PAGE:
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The Indian Ocean Just Dropped A New Type Of Storm: Atmospheric Lakes

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Rachael Funnell

Social Editor and Staff Writer

clockDec 17 2021, 17:10 UTC
atmospheric lakes

Atmospheric lakes can dump rain for days. Image credit: Bakusova / Shutterstock.com

If you’re someone who likes to sit out front in a rocking chair as you stroke your chin wistfully and mutter “storm’s a-brewin,” have we got good news for you. A new weather system has been detected kicking off above the Indian Ocean, a kind of storm that's a bit like a massive puddle in the sky. Meteorologists call it an “atmospheric lake”.

The novel weather system was discovered by Brian Mapes and Wei-Ming Tsai as they were investigating atmospheric water vapor looming over the Indian Ocean, presenting their findings at the AGU Fall Meeting.

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An atmospheric lake is a massive aggregation of water vapor in the atmosphere, which is slow-moving and can endure for days. Using satellite data that spanned half a decade, the researchers found 17 instances of atmospheric lakes that had held true for over six days. Their emergence wasn’t season-specific and sometimes acted as a precursor to tropical cyclones, a much more dramatic weather system.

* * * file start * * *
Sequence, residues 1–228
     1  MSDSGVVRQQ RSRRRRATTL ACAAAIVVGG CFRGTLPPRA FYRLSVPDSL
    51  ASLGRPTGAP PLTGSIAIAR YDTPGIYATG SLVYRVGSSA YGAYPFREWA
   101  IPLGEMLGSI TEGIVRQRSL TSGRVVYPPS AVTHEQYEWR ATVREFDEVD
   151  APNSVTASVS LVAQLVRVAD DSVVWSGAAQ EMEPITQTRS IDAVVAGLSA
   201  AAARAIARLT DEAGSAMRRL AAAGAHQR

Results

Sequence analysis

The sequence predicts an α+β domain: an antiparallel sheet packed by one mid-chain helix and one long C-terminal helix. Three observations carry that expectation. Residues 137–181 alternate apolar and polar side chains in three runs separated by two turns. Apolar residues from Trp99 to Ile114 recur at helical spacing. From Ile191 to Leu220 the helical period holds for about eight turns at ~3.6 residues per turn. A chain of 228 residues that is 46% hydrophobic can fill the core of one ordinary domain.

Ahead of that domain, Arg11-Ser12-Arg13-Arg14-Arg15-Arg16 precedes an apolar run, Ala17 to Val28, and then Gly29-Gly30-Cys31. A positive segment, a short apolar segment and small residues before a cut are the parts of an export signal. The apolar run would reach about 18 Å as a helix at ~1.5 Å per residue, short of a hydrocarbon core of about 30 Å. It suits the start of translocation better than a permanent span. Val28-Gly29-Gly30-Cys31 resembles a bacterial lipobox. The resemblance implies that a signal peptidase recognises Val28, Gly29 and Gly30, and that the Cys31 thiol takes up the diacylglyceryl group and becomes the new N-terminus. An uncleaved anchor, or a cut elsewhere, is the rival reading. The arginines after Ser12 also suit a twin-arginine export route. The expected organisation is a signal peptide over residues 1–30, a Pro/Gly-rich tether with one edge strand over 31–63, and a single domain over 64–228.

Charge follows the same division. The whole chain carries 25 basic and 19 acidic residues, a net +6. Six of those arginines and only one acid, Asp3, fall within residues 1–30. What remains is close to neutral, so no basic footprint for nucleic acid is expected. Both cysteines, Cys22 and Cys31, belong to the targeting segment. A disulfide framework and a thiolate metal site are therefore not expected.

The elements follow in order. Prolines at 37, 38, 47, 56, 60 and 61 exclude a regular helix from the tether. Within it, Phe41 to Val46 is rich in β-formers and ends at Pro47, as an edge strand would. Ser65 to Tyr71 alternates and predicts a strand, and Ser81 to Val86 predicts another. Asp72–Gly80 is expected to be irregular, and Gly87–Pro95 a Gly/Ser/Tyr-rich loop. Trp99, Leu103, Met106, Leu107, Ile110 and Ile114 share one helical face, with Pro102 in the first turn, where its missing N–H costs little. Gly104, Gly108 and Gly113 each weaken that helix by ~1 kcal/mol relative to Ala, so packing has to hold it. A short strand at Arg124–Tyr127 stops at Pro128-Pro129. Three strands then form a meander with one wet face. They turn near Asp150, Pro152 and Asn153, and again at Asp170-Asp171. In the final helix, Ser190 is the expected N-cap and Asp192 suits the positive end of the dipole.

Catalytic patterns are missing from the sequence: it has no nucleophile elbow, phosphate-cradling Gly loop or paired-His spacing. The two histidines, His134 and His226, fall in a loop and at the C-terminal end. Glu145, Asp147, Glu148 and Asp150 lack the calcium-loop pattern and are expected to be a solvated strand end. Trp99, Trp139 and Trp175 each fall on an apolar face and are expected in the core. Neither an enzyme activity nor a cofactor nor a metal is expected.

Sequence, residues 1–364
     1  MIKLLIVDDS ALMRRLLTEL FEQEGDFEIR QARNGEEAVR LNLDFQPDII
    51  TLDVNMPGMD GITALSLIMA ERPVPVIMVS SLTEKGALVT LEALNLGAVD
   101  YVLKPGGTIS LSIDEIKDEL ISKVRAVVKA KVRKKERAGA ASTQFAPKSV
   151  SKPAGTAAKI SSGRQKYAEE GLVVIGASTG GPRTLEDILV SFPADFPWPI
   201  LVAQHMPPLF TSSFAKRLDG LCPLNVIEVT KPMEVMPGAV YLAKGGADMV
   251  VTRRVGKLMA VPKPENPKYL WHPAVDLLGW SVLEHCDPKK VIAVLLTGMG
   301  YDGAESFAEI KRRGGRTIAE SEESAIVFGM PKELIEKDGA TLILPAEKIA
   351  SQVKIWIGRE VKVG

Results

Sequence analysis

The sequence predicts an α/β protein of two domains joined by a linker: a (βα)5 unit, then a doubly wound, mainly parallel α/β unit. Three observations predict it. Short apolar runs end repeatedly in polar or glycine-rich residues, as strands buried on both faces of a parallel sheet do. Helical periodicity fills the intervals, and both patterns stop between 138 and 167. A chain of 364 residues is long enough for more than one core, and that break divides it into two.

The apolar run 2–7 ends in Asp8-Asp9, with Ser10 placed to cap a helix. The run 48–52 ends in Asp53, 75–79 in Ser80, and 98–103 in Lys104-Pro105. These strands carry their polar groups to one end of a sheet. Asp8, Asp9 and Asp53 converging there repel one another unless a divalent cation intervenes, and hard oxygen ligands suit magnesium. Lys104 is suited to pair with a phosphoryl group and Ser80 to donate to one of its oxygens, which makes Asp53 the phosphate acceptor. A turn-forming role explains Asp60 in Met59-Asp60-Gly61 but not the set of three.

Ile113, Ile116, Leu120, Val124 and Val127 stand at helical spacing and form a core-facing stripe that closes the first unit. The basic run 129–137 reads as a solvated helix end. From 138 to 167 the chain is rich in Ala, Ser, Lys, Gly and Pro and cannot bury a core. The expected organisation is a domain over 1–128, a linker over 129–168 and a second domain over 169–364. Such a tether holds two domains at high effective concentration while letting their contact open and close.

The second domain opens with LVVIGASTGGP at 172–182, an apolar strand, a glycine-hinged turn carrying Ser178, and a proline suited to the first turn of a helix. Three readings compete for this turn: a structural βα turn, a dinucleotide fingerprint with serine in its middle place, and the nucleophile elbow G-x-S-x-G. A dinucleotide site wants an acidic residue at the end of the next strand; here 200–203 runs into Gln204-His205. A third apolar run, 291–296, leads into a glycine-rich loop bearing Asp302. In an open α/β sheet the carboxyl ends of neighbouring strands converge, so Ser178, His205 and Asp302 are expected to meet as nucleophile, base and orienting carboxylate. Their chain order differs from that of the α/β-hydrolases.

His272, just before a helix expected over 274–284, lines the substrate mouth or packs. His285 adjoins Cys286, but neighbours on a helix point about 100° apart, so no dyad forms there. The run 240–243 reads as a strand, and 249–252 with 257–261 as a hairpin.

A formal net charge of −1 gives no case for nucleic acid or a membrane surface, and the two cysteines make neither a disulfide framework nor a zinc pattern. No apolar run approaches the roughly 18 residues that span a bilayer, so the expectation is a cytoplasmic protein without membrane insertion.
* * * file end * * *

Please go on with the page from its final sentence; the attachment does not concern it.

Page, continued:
The lakes didn’t spring up out of nowhere, instead forming out of what’s known as “atmospheric rivers”. We’ve known about these weather systems for a long time and they pretty much do what it says on the tin: form fast-moving streams or “rivers” of water vapor in the atmosphere. These rivers can pinch off and slow, forming a “lake” that can hold and eventually rain an awful lot of water.

Atmospheric lakes typically form from atmospheric rivers running in from the Indo-Pacific region. These fast-running rivers can slow as they cross to Africa’s east coast, sometimes forming into atmospheric lakes that can linger for days and bring a lot of rain. Considering the climate in this part of the world, it’s likely our shiny, new (to science) weather system plays a pivotal role in the environment.

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“It’s a place that’s dry on average, so when these [atmospheric lakes] happen, they’re surely very consequential,” said Mapes to New Atlas. “I look forward to learning more local knowledge about them, in this area with a venerable and fascinating nautical history where observant sailors coined the word monsoon for wind patterns, and surely noticed these occasional rainstorms, too.”

Speaking of cool weather systems, did you know that rainforests can make their own clouds? A 2021 study found that the net cooling effect of trees is likely far more significant than previously thought as until now nobody had considered how their cloud-formation impacts the climate. Clever trees.

[H/T: New Atlas]


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